Lesson Plan: Jury Trials in Criminal Cases

The History of Jury Trials in the United States

Senator Sheldon Whitehouse (D-RI) discussed the history behind jury trials and an independent judiciary.


The sixth amendment guarantees the right to a trial by jury in all criminal prosecutions. This lesson explores the origins of the right to trial by jury, how juries function and current issues surrounding them. Students will be able to describe the benefits and drawbacks of jury trials and determine if there should be additional legislation securing this right to a trial by jury in criminal prosecutions.


  • WARM-UP:

    Begin class by having the students answer the following questions:

    • What is a jury and what do they do?

    Review the students' answers and address any misconceptions. Introduce the idea of juries and jury trials by showing the following video clips. Have the student answer the questions as they view the videos. Students can use the handout to guide them.

    HANDOUT: Jury Trials in Criminal Cases (Google Doc)

  • VIDEO CLIP: The History of Jury Trials in the United States (3:26)

    • Where did the idea of jury trials come from?
    • Why were jury trials so important to the founders of the United States?
    • According to Senator Whitehouse, what are advantage to using juries?
    • How do jury trials limit the power of the government and protect individual rights?
  • VIDEO CLIP: Justice Breyer on Impartial Juries (1:07)

    • Who makes up a jury?
    • Describe the job of a jury.
  • VIDEO CLIP: Jury Selection (1:39)

    • What is meant by a "fair and impartial jury?"
    • What is the voir dire process? How does this ensure a fair and impartial jury?

    Review the introductory videos and discuss the history of jury trials and how they work. Address any misconceptions and introduce the following two video clips. Have the student answer the questions associated with each question.

  • VIDEO CLIP: Costs of Jury Trials (3:37)

    • Why does Mr. Rein say that the system would break down if we relied only on jury trials?
    • What are common complaints from people asked to serve on a jury?
    • How do jury trials impose costs on the court system?
    • Explain how attorneys try to influence the jury selection process.
  • VIDEO CLIP: Plea Deals and the Decrease in Jury Trials (3:09)

    • Why are fewer people accused of crimes exercising their right to a jury trial?
    • Describe the plea bargain process.
    • How is the power in favor of the prosecutor in criminal cases? What problems does this cause?
    • According to Mr. Kramer, how does this criminal process disproportionately affect certain groups?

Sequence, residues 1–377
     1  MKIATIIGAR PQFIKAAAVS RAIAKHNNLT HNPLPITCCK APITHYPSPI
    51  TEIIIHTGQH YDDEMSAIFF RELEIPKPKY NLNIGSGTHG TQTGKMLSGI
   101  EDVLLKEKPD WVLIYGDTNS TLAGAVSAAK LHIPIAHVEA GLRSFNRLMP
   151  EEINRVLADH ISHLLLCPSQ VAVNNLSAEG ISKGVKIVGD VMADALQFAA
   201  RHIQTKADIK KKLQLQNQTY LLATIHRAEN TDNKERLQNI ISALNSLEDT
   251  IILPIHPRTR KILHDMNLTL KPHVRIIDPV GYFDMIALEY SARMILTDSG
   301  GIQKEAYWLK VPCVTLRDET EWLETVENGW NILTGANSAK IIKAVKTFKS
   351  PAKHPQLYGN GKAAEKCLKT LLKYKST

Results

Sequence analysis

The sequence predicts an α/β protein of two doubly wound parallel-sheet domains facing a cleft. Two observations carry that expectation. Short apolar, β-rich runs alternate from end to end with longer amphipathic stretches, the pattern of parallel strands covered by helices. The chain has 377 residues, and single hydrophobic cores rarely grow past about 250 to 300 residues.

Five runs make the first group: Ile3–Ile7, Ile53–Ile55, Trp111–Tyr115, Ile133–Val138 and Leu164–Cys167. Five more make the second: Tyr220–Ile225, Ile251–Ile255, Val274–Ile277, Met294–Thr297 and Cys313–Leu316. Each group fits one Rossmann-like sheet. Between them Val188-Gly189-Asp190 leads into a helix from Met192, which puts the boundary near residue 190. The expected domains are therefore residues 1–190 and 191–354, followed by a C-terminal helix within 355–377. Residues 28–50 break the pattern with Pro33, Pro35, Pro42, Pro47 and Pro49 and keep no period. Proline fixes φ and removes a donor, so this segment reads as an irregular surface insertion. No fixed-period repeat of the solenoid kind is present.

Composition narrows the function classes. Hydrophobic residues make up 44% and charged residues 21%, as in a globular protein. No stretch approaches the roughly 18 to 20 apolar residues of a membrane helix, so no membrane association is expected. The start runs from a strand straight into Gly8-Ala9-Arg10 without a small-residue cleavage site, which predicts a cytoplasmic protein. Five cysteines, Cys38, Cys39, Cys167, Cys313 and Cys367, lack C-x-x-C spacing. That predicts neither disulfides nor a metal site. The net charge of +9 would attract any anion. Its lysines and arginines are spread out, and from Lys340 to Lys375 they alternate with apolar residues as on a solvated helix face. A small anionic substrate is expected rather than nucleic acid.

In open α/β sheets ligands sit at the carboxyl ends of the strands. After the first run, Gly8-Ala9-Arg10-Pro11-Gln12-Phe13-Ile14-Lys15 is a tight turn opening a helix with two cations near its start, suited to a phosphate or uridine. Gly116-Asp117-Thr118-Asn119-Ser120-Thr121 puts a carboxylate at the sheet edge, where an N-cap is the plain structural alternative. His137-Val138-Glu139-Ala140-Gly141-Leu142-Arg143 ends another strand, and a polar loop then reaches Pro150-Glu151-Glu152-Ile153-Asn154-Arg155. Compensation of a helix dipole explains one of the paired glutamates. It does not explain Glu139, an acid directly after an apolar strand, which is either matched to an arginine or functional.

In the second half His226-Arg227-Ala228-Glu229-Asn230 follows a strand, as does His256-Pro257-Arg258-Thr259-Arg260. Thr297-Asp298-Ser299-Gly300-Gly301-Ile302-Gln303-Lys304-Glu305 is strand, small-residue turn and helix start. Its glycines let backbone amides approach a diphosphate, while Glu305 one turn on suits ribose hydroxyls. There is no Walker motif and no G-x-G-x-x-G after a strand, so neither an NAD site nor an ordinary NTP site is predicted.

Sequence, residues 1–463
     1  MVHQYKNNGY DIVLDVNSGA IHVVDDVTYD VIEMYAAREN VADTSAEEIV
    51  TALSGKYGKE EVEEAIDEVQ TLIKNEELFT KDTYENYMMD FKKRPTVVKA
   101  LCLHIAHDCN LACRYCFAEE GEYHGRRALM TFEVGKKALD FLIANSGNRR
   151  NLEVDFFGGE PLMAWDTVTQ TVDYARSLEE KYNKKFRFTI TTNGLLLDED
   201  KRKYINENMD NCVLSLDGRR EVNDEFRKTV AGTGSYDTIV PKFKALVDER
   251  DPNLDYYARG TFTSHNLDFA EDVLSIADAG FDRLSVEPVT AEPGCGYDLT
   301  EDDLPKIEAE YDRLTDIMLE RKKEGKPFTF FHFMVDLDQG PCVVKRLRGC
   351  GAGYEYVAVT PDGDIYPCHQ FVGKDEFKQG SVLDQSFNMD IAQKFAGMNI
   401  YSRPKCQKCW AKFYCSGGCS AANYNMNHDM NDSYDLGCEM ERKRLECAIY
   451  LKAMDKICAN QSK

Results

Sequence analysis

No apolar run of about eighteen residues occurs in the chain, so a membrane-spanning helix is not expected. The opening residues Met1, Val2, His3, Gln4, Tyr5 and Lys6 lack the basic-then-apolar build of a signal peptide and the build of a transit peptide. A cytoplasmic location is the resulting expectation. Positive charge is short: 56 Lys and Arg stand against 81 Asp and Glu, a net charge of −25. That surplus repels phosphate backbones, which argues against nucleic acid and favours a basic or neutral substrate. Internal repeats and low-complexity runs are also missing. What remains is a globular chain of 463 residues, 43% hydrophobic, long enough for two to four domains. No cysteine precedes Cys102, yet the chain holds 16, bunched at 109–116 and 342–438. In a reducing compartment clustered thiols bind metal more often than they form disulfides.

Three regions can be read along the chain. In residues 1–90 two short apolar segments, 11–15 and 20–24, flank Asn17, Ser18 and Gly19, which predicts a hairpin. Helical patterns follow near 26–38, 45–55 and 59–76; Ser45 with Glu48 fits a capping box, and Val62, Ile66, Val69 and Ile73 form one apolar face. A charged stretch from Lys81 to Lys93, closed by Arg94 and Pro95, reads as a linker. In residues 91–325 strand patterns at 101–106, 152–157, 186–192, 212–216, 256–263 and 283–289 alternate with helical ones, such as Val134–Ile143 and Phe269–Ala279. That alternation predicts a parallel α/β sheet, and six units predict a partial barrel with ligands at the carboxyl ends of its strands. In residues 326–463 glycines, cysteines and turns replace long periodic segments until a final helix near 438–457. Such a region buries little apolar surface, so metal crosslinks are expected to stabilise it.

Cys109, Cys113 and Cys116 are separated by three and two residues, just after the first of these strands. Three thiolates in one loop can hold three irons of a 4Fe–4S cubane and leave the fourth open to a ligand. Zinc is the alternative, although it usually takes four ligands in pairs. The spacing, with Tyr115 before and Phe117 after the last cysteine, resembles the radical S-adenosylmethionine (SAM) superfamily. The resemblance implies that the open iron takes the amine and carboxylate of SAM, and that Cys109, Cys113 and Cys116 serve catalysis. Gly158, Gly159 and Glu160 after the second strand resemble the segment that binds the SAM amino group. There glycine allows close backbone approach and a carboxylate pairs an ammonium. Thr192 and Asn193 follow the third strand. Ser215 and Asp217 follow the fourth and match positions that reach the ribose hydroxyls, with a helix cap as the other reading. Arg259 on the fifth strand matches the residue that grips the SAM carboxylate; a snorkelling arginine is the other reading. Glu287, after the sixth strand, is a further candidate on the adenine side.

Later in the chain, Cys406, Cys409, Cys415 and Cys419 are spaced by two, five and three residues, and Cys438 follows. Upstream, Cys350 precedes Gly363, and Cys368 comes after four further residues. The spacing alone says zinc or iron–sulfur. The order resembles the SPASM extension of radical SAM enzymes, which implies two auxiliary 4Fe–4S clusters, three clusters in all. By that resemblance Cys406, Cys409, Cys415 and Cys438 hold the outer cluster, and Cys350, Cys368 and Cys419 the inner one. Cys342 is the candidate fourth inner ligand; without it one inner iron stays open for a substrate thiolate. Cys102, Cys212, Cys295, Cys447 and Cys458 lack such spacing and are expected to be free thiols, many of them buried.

Using the information from the previous video clips, have the students respond to the following prompt. This can either be a written response or a class discussion. Students should be support their stance with examples and evidence from the video clips.

    • Should federal and state governments pass legislation to encourage more criminal jury trials?

    After discussing the students' thought on the previous prompt, have the students answer the following question as an exit Slip:

    • How do jury trials protect the rights of individuals?

    Interview a Juror- Find someone who has been selected for jury duty. Interview them and ask questions to learn about their experiences as a juror. Possible questions could include: What was the process like? Were they selected for a trial? How long was the process? What did they learn from this experience?

    Be a Jury Expert- Find and research a court case that is in the news. Choose either the prosecution or defense and be a jury expert for that side. Write a summary of characteristics of potential jurors who your side would like on the jury and a list of characteristics of potential juror who your side would not like on the jury. Develop a series of questions that you might ask to find this information out.


    • As someone who is accused of a crime, what are the benefits and drawbacks of having a jury trial?
    • Is the plea bargain process beneficial for individuals accused of crimes? Explain your answer.
    • Does the jury selection process get an accurate representation of the population?
    • What does a jury of your peers mean? Does the current process of jury selection meet this standard?

Additional Resources


  • Beyond A Reasonable Doubt
  • Bias
  • Draconian
  • Independent Judiciary
  • Individual Rights
  • Judge
  • Juror
  • Jury Selection
  • Mandatory Minimum Sentences
  • Peers
  • Petit Jury
  • Plea Bargain
  • Prejudice
  • Prosecutor
  • Recompense
  • Tampering
  • Trial
  • Voir Dire


Civil Rights & Civil LibertiesCriminal Law & JusticeJudicial Branch


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